3. Driverless taxis would also get driven for significantly more hours a day and more miles per year than the typical passenger car that sits idle almost all the time. Consequently, people who wanted a vehicle to use for this purpose would demand one that lasts longer than a conventional car and would be willing to pay for it.

    3. These are wildly optimistic assumptions for a technology that’s not even on the market yet. Maybe it will succeed, maybe it won’t, but probably most predictions will be wrong. Or even if they’re right it’ll only be in a very indirect way. Google throws a lot of things out to see which ones stick, and some of them do and some of them don’t. What will the tea party say about driverless cars? “That’s a bunch of socialism. No real man drives a driverless car.” “How can I get away if the government thugs are after me and they can make my car stop remotely?”

      Al Diamond has an interesting point that they may take off more in emerging markets first, the way third-world countries have bypassed landline phones and embraced text-message money transfers.

      1. I haven’t seen a lot of chauffeur driven cars around here or in the SF Bay area, and there is not a shortage of folks who could easily afford them. It tells me that most car owners want to drive. A visit to the auto show reinforces that view. Active avoidance systems are already being put in cars and will make driving in traffic less stressful.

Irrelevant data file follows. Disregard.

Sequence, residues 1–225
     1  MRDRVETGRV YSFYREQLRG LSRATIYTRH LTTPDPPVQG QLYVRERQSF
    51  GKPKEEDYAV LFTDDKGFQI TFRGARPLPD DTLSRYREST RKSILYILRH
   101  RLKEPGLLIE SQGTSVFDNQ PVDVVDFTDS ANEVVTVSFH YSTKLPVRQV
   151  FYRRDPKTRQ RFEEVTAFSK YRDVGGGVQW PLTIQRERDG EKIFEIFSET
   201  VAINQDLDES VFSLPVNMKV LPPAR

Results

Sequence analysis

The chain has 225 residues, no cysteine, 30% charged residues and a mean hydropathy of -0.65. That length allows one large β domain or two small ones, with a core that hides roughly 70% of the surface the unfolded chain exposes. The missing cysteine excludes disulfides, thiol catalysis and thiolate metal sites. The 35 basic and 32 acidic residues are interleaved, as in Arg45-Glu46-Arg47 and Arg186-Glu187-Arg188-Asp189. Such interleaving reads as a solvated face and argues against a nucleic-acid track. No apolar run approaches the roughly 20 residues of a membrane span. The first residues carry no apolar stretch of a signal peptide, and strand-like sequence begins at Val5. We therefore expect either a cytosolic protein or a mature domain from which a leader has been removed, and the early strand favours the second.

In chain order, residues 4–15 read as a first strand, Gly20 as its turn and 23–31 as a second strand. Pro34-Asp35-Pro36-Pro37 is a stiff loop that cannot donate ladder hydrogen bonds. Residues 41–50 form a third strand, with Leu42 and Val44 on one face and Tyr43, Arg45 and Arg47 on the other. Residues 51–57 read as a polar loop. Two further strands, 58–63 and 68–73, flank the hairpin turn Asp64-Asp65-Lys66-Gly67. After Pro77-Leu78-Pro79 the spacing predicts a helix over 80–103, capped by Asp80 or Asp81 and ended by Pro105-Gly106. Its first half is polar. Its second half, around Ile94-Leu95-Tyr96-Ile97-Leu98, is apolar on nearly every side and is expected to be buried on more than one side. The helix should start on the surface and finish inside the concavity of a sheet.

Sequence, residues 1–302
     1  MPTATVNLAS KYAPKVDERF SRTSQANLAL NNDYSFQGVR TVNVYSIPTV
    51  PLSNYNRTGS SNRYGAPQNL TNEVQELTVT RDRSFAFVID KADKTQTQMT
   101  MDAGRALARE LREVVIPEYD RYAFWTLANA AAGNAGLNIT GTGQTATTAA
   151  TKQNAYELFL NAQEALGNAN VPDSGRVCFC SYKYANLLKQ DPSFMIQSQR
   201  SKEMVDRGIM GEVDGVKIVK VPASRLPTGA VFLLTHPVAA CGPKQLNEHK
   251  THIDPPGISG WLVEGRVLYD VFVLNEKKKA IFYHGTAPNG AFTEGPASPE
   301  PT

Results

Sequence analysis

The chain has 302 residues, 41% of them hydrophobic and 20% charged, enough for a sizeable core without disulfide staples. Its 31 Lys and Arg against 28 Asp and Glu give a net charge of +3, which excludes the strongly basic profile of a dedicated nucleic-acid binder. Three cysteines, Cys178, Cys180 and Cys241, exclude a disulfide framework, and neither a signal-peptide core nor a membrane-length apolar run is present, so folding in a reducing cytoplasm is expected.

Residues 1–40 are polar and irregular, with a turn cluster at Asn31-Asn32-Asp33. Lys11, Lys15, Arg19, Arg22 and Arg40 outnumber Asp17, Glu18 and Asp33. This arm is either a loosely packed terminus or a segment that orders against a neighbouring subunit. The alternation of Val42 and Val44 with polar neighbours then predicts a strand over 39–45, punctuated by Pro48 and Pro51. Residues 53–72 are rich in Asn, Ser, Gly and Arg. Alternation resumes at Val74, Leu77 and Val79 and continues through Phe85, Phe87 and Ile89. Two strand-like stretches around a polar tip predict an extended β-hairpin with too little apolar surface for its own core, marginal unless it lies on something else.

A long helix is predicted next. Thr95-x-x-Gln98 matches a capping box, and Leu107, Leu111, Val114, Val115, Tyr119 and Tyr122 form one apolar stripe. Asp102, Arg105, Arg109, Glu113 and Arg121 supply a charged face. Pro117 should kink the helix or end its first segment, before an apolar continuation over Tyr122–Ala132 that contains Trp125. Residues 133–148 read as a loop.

The downsides to driverless cars are:
        Sprawl – the long drive from the boondocks is easier to do when you can work/relax during the drive
        Parking – still a problem
        Traffic – encourages SOVs though you can cram more in a lane

      2. Phil,

        Chauffeurs are really, really expensive. I used to have a coworker who was legally blind, and so he had a car service drive him to and from work every day. Even working a 4-day week, this cost him $20,000/year. That’s more than many people pay in rent. That’s enough money to buy a new car, with cash, every single year. And that’s only for 8 trips a week. If you wanted a chauffeur to drive you everywhere, you could easily end up spending $100,000/year. You’ve got to be seriously rolling in it to be able to spend that kind of money without breaking a sweat.

        A driverless car would be an order of magnitude cheaper. Let’s say you could lease a driverless car for $1,200/mo, the same as it would cost to lease a Tesla Model S. That starts to be within the real of affordability for the more senior Microsoft/Amazon/Google folks. And if driverless technology takes off, you could imagine that a “driverless Uber” could cost more like $250/mo for all the driving that the average person would need to do. That’s less than many families spend on their car payment, let alone gas and insurance and such.